Culture greatly shapes young people's drinking habits

September 23, 2008

Whether young people get drunk as a purposeful behavior or as an unintended consequence depends on what country they live in, according to new research on young people in seven countries. The research finds that young people's views on alcohol and drunkenness were influenced more by culture than by factors such as age and sex.

The research, sponsored by the International Center for Alcohol Policies (ICAP), also finds striking similarities about drinking among young people in different parts of the world including:

-- Their introduction to alcohol was typically by parents during a family celebration;
-- Alcohol consumption was primarily associated with enjoyment and socializing;
-- Drinking mostly took place at gatherings (parties, sporting events) and in public venues (bars, clubs);
-- A "successful drinking experience involved socializing and avoided problems;
-- An awareness of drinking as a means of self-medication.

Data from the focus groups are included in a new book, "Swimming with Crocodiles: The Culture of Extreme Drinking." The focus groups were conducted in Brazil, China, Italy, Nigeria, Russia, South Africa, and United Kingdom.

"Tragically, too many young people purposefully pursue drunkenness as a form of 'calculated hedonism' bounded by the structural and cultural factors that affect young people in different countries," says Fiona Measham, PhD, co-editor of the book and criminologist at Lancaster University.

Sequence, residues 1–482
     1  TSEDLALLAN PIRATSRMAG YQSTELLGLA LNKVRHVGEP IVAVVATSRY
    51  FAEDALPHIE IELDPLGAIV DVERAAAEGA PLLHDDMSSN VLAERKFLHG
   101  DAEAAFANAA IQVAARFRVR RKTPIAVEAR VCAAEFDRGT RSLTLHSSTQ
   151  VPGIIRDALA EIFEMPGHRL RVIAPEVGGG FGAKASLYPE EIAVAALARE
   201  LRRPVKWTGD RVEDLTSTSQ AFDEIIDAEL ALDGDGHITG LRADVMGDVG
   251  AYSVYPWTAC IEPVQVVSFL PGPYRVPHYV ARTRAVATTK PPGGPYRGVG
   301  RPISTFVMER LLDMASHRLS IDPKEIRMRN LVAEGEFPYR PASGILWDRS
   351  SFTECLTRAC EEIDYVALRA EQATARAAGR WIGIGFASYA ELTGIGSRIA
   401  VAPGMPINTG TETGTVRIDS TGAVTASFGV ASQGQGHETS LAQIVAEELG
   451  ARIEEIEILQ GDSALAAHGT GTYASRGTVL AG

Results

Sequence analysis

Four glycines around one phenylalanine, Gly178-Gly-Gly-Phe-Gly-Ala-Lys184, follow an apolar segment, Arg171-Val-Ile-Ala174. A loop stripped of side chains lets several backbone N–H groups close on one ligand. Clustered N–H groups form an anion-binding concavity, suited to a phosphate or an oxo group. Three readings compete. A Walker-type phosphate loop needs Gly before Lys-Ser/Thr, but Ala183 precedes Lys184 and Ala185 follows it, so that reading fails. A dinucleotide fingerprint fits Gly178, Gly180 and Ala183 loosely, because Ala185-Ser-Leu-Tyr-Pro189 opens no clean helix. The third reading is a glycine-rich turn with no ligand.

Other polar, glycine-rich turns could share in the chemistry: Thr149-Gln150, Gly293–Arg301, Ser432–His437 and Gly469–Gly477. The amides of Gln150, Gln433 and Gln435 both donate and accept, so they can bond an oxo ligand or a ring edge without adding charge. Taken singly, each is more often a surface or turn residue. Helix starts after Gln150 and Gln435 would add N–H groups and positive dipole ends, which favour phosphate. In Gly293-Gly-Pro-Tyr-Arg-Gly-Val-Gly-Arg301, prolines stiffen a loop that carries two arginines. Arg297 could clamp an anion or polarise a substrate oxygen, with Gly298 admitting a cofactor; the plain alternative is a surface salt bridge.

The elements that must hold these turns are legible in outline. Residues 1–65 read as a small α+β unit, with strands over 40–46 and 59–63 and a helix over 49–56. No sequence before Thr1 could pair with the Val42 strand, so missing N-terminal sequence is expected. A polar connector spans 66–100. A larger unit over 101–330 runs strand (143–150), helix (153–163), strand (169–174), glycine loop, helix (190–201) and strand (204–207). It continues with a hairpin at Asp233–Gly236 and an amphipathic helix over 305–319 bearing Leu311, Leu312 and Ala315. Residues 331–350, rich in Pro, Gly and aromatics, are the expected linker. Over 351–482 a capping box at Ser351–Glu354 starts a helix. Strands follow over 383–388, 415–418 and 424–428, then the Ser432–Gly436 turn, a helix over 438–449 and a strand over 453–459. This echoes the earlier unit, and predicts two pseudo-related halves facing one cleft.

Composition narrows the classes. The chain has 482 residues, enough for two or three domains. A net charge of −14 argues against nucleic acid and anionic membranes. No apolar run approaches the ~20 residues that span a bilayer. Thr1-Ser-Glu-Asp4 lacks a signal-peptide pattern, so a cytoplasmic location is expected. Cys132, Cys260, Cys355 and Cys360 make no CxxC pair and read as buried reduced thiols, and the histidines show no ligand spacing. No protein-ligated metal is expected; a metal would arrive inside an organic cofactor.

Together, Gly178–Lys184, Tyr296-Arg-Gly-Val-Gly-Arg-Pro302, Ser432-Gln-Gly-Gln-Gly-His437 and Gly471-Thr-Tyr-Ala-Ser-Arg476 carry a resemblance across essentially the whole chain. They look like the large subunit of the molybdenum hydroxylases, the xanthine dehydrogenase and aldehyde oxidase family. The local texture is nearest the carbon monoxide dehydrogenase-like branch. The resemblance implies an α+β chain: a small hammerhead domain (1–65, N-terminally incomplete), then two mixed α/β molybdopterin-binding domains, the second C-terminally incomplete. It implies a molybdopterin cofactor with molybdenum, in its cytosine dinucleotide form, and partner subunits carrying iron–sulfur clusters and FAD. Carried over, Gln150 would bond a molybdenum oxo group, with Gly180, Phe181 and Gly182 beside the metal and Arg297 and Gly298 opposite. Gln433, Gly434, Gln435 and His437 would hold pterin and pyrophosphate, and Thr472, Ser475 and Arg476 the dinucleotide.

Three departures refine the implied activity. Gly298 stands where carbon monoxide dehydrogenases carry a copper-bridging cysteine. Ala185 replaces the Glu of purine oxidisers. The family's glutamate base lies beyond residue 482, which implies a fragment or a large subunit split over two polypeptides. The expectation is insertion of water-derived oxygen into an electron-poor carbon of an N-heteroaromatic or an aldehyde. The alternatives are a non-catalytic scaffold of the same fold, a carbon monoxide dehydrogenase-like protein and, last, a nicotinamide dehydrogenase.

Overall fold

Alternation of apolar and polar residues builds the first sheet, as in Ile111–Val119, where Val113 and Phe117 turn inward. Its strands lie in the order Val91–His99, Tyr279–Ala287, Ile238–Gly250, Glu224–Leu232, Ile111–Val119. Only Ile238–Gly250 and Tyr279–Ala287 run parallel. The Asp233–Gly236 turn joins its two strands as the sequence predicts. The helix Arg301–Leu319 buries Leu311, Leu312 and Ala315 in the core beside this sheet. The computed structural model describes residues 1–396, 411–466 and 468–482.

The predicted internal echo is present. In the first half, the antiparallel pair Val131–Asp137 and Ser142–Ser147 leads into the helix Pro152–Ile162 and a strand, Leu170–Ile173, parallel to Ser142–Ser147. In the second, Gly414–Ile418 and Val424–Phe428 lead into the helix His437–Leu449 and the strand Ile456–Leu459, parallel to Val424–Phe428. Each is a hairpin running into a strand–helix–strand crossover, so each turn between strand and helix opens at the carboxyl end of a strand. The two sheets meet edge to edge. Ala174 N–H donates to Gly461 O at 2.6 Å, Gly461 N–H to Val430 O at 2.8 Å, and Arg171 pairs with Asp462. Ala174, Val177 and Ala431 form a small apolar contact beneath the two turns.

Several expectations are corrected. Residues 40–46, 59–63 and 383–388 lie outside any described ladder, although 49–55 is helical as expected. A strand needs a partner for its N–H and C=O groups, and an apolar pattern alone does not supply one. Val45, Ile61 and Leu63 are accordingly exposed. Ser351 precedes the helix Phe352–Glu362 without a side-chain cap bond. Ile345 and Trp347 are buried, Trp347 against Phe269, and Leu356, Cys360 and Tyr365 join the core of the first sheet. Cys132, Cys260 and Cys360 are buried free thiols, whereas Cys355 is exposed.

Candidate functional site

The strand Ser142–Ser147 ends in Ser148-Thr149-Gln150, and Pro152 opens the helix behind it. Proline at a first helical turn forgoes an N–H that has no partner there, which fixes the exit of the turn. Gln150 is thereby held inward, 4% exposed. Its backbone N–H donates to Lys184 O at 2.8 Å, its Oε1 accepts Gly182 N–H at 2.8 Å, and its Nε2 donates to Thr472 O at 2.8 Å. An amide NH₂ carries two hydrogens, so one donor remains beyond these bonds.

"We need to work to change this culture of extreme drinking," says Marjana Martinic, PhD, co-editor and vice president for public health at ICAP. "We need to look at cultures in countries like Italy and Spain where moderate drinking is an ordinary, every-day part of family life."

Research on young people's drinking shows that rates of drunkenness and extreme drinking are significantly lower in the Mediterranean countries than in Northern European countries. For example, 49 percent of Swedish 17-year-olds report having been drunk, compared with around 10 percent of Italian, French, and Greek youth.

"Changing the culture of extreme drinking requires looking beyond traditional responses and getting all relevant stakeholders involved," concludes Dr. Martinic. "This means governments, the public health community, the beverage alcohol industry, the criminal justice system, and civil society must have a role in reducing extreme drinking among young people."

Dr. Martinic says there are a wide range of interventions to help reduce extreme drinking among young people, particularly interventions at three key settings: school, work, and community.

Source: International Center for Alcohol Policies

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